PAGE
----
Commercial Project Intake Meetings

Since May 2019, we’ve been working to improve the City’s permitting function. This is the sixth of six posts that talk about early initiatives to improve organizational structure and processes.

During conversations with both city staff and the design/development community, it became apparent that we oftentimes accept plans and applications that are missing materials or have easy-to-spot errors that need to be corrected. Sometimes these errors go unnoticed or uncommunicated until several weeks into the plan review stage, which can really hold up application review process. Once the mistakes are noticed the correction period may take several weeks or longer because of back-and-forth communication between the permit applicant and the City. To minimize errors early in the process, and ultimately reduce the review time, the Central Permit Office is now requiring that customers submitting applications for commercial projects attend an “intake meeting” prior to formally submitting their application.

Introducing the Code Review Form

Since May 2019, we’ve been working to improve the City’s permitting function. This is the fifth of six posts that talk about early initiatives to improve organizational structure and processes.

Brian Thompson, a plan reviewer in the Central Permit Office, gathered lists of specific items or topics that are typically required to assess the compliance of plans. He then developed a consolidated Code Analysis Form that clearly lists all of those items.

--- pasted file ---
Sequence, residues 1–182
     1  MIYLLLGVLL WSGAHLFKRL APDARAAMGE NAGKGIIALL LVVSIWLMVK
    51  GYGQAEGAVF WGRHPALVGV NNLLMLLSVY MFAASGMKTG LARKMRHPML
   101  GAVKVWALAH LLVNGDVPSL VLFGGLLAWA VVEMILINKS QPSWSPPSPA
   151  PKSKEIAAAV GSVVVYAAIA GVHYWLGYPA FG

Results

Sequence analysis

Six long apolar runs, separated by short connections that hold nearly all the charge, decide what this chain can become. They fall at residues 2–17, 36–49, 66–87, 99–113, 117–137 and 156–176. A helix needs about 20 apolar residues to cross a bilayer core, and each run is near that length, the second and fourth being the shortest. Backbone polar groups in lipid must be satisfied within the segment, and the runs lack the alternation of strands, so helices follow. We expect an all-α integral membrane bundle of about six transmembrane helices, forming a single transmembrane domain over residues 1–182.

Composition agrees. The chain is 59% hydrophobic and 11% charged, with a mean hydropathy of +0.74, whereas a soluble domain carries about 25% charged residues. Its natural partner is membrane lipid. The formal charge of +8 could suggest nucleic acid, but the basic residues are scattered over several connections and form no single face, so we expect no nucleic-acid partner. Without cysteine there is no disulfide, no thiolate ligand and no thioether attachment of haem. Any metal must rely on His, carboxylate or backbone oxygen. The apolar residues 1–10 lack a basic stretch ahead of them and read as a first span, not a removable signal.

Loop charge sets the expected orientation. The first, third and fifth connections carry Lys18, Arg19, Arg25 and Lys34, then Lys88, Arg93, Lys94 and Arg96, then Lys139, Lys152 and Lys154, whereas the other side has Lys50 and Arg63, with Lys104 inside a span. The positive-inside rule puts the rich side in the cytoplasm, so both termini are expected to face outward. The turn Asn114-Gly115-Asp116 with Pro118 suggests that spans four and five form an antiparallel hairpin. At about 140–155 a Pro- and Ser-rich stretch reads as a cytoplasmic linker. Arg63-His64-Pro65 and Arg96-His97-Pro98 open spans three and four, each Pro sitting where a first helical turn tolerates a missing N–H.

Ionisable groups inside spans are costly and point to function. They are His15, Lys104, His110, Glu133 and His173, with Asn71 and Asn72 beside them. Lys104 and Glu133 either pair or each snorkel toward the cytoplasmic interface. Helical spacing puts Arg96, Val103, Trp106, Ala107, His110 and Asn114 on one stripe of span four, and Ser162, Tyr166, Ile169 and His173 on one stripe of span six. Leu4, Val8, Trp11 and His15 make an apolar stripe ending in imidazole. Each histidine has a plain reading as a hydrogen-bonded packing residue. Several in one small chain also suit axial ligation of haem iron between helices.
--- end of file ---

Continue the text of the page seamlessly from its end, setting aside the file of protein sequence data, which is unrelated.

Measuring Customer Experience

Since May 2019, we’ve been working to improve the City’s permitting function. This is the fourth of six posts that talk about early initiatives to improve organizational structure and processes.

As we continue to focus on permitting, we want to regularly incorporate customer feedback into our initiatives. To do this, the Central Permit Office has launched an in-person Customer Satisfaction Survey. This survey informs staff and management about the customer experience and create a baseline for improvement. We also hope that it will highlight positive customer encounters and interactions.